Confession: I’m scared of heights. I may have all those Instagram posts where I’m perching on a mountain peak, rappelling down a cliff, and crossing a hanging bridge, but it took a lot of screaming and soliloquies before I actually did it. I fight my fear of heights by going on all those adventures.
When I organized my recent Cebu backpacking trip, canyoneering in Badian (also known as Kawasan canyoneering) was on my priority list. I mentally prepared myself by watching travel videos like this:
But no amount of research could prepare me for the 40-foot waterfall jump at the end of the course. If you found this blog post because you are having second thoughts on pursuing this adventure, you’ve come to the right place. If a panicky, scaredy-cat like me can survive Badian canyoneering with only one small scar (from sliding down a rock the wrong way), then you, too, will make it! Here are tips to help you get ready:
1. The standard price is ₱1,500 per person if you’re already in Moalboal.
You will find different package rates online (some are exorbitant), but I found the most reasonable rate of ₱1,500 per person from Kawasan Canyoneering. The rate includes:
a.) Free pickup and drop-off from your hotel in Moalboal. If you’re coming from elsewhere like Cebu City, they will just give you directions to Moalboal and you need to find your own ride. Other organizers offer a van service from wherever you are for an additional fee.
b.) Entrance fee and environmental fee
c.) Rental of safety gear (helmet and life vest with pocket)
d.) Bottled water and a small snack (which fit snugly in the vest pocket)
e.) Post-adventure meal. Ours was fried chicken with rice and a small bottle of soda.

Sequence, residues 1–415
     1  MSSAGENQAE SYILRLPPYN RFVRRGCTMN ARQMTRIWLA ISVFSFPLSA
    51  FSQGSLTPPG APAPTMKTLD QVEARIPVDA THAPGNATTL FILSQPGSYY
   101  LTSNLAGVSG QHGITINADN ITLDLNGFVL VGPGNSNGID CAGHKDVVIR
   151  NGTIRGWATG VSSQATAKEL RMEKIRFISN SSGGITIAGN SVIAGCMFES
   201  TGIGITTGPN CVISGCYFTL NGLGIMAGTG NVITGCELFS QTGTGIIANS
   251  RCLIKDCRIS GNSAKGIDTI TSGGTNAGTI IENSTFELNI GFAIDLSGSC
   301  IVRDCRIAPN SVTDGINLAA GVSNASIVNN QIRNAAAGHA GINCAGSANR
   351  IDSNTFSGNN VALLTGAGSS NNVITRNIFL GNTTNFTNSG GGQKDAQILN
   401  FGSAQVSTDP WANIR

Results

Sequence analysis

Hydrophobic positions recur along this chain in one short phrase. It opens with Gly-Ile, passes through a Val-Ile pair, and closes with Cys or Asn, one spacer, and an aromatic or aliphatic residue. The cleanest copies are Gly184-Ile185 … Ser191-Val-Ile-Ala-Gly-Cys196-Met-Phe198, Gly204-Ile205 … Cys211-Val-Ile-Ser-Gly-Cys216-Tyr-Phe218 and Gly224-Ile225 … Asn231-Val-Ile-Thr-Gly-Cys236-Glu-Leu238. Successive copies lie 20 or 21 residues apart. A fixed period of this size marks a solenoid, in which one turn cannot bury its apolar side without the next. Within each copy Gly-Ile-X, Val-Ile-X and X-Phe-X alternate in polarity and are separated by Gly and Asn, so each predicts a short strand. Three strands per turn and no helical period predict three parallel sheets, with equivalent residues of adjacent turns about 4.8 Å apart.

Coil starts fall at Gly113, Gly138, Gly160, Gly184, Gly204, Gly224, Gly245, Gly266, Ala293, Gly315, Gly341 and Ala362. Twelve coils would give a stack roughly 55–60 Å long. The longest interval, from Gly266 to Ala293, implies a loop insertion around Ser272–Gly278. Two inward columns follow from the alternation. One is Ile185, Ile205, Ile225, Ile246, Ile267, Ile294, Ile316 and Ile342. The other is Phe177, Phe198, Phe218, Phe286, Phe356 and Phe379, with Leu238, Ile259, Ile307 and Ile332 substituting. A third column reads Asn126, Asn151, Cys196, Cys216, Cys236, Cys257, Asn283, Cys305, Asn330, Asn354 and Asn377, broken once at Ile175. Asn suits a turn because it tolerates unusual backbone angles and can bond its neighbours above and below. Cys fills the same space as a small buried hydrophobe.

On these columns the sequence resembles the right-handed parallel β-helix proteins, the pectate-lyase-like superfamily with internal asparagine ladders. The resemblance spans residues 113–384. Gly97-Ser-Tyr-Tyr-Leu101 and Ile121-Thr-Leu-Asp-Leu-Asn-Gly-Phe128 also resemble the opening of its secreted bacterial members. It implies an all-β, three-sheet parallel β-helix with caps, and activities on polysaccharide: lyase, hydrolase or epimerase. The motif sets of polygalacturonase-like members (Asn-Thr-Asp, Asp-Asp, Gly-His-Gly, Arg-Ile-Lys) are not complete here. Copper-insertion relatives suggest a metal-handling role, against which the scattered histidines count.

f.) Official guides. The kuyas will guide you throughout the adventure and will serve as your lifeguards. They will also store your gadgets in their waterproof dry bag. Some will even oblige to be your personal photographers, so don’t forget to tip them after.
2. You are safe as long as you listen to the official guides.
Listen to the briefing before the trip. Pay attention to the do’s and don’ts during the adventure. The guides will tell you where it’s safe to jump and how to jump properly to avoid injury. In the event that you slip and/or get washed away (which happened to someone in our group), they will easily rescue you. You will sign a waiver before you start, but don’t let that intimidate you.
3. What should you wear?
Wear any comfortable but snug swimming attire because you will be drenched throughout the adventure. I wore a bikini under my dry-fit, lightweight leggings and a sleeveless hiking top. I did not want to risk a wardrobe malfunction. Most of the guys in my group wore board shorts. Others wore rash guards. Some girls wore one-piece bathing suits.